The Embattled Wilderness
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Chapter Three:
Prophecy and Change

Barely had Yosemite Valley been surveyed as a park when it challenged a basic assumption of every park yet to come. As demonstrated by the lingering controversy over its disputed land claims, Yosemite's protection in name did not necessarily guarantee its preservation in actuality. Rather, considering the likelihood of just the opposite possibility, as early as August 9, 1865, Frederick Law Olmsted warned the Yosemite Park Commission to guard against any comforting but nonetheless misleading suppositions about the future of the valley. On the strength of his foresight his report would be hailed as a classic, a statement that literally anticipated the ideals of national park management. "It is the will of the nation as embodied in the act of Congress," he remarked, summing up the basis of his observations, "that this scenery never shall be private property, but that like certain defensive points upon our coast it shall be held solely for public purposes." The public interest in Yosemite Valley obviously resided "wholly in its natural scenery. The first point to be kept in mind then," he said, arriving at the heart of his report, "is the preservation and maintenance as exactly as is possible of the natural scenery." Allowances for structures should be made only "within the narrowest limits consistent with the necessary accommodation of visitors." Similarly, management should seek to exclude "all constructions markedly inharmonious with the scenery or which would unnecessarily obscure, distort, or detract from the dignity of the scenery." After all, Olmsted predicted, although visitation currently totaled only several hundred people annually, it would eventually "become thousands and in a century the whole number of visitors will be counted by the millions." The significance of this figure should be dramatically obvious: "An injury to the scenery so slight that it may be unheeded by any visitor now, will be one of deplorable magnitude when its effect upon each visitor's enjoyment is multiplied by these millions." The duty of the commission, it followed, was to protect "the rights of posterity as well as of contemporary visitors," for "the millions who are hereafter to benefit by the Act have the largest interest in it, and the largest interest should be first and most strenuously guarded." [1]

Of all the might-have-beens in national park history, the suppression of Olmsted's report was among the most significant. Two prominent members of the Yosemite Park Commission, Josiah Dwight Whitney and William Ashburner, apparently saw to it that Olmsted's report never reached the state legislature. Whitney, the director of the California Geological Survey, and Ashburner, also a geologist with the survey, possibly feared competition for limited state funds if Olmsted's request for thirty-seven thousand dollars to implement his plan was approved. [2] Not until 1952, under the auspices of Olmsted's biographer, Laura Wood Roper, was this most important document finally discovered, pieced together, and then published for the first time.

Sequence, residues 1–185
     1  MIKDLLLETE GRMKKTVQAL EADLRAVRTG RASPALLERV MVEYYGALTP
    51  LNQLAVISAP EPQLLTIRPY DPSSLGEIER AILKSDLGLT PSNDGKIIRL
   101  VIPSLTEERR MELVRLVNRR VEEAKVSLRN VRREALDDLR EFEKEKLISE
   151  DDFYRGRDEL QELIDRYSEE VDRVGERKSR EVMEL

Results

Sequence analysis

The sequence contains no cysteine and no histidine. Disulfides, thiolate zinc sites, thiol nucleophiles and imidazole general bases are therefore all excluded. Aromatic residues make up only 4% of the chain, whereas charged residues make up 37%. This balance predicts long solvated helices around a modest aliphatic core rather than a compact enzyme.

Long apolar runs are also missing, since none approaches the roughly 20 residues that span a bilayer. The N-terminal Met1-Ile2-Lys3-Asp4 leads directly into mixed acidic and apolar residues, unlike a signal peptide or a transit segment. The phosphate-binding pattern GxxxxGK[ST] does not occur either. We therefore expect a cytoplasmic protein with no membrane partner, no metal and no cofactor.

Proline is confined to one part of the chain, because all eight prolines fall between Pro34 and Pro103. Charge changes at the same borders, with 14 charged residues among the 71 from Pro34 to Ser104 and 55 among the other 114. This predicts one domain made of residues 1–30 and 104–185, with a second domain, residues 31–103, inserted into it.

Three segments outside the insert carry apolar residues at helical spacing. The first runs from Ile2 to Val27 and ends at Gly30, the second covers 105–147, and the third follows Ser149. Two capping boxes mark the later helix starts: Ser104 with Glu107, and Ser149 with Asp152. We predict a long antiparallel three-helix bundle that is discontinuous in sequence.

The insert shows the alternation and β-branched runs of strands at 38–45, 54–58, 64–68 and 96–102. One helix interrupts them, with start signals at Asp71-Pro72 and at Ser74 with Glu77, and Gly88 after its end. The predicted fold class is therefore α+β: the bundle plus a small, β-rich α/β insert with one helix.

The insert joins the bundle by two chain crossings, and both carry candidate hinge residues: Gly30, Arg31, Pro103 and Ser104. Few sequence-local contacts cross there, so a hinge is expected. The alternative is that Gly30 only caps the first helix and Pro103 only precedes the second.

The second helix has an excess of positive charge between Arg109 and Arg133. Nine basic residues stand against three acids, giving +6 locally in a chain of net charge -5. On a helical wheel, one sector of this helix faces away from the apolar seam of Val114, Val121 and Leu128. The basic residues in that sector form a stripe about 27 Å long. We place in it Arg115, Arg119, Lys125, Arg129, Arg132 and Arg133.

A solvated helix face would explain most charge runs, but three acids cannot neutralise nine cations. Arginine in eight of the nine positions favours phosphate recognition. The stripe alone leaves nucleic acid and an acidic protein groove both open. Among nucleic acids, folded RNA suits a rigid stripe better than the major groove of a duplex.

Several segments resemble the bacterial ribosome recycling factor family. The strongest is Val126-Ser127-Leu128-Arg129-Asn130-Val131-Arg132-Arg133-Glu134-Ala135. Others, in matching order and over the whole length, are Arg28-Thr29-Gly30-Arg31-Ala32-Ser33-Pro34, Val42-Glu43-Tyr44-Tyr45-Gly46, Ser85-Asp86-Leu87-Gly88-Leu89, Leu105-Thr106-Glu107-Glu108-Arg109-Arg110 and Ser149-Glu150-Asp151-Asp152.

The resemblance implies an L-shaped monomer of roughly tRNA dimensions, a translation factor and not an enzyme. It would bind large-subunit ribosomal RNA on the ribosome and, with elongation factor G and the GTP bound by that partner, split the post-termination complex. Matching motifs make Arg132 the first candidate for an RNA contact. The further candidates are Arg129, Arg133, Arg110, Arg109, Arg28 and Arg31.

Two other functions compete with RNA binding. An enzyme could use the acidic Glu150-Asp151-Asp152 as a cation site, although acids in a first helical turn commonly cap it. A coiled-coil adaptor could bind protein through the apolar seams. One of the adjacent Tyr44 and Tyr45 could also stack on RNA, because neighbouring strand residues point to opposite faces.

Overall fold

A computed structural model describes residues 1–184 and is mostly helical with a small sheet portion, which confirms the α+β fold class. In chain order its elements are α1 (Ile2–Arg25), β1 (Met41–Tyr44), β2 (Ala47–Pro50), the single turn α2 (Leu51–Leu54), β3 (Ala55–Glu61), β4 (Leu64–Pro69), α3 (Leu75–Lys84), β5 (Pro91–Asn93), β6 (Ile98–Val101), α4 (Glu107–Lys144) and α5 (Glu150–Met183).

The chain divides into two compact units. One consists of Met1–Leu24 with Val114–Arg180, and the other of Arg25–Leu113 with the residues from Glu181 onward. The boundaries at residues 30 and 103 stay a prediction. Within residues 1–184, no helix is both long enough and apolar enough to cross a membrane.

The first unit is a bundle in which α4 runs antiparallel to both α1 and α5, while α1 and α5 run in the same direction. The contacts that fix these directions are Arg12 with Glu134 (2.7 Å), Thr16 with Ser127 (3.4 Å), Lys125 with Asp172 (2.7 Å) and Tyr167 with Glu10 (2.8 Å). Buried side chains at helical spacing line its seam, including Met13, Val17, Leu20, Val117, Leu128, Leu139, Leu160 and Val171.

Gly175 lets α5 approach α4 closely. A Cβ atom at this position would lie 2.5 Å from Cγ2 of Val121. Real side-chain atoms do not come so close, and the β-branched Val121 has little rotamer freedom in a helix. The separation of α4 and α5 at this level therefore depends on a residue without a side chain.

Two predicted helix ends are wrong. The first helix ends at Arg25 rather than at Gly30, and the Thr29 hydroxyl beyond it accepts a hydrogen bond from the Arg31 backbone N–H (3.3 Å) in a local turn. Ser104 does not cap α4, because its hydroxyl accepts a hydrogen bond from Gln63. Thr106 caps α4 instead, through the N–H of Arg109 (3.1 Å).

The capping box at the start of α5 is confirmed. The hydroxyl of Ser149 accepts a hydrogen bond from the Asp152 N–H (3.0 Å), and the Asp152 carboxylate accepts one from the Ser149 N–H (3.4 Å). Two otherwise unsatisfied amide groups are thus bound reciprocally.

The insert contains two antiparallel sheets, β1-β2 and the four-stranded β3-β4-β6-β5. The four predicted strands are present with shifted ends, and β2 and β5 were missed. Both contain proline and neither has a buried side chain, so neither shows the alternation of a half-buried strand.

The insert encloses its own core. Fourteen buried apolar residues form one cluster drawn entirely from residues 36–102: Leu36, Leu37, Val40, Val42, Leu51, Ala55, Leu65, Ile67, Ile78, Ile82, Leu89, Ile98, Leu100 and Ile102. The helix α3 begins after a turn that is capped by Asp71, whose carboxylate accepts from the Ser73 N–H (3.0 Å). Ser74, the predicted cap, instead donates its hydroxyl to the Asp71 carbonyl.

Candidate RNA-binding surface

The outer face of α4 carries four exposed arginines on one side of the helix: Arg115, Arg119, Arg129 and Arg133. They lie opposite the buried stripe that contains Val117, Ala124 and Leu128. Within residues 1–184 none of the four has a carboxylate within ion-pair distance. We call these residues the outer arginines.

How the management of Yosemite Valley might have differed if Olmsted's recommendations had been heeded from the outset is a matter of speculation. But undoubtedly its vegetation, not merely its spectacular geology, would have received far better protection. "There are falls of water elsewhere finer," he maintained, obviously thinking of the sheer volume and sweep of Niagara, [3] "there are more stupendous rocks, more beetling cliffs, there are deeper and more awful chasms, there may be as beautiful streams, as lovely meadows, there are larger trees." In other words, Yosemite's "charm" did not derive from any single "scene or scenes." Rather the beauty of Yosemite Valley resided in the combination of many natural elements, of which its vegetation was no less significant than its geology. Granted, Yosemite was "cliffs of awful height and rocks of vast magnitude and of varied and exquisite coloring." But Yosemite was also cliffs "banked and fringed and draped and shadowed by the tender foliage of noble and lovely trees and bushes, reflected from the most placid pools, and associated with the most tranquil meadows, the most playful streams, and every variety of soft and peaceful pastoral beauty." It followed that "no description, no measurements, no comparisons are of much value." Every dependence on statistics fixed "the mind on mere matters of wonder or curiosity" and thus prevented "the true and far more extraordinary character of the scenery from being appreciated." Ultimately, the real test of management was whether the Yosemite Park Commission could maintain "the value of the district in its present condition as a museum of natural science." If not, Yosemite Valley faced "the danger, indeed the certainty, that without care many of the species of plants now flourishing upon it will be lost and many interesting objects be defaced or obscured if not destroyed." [4]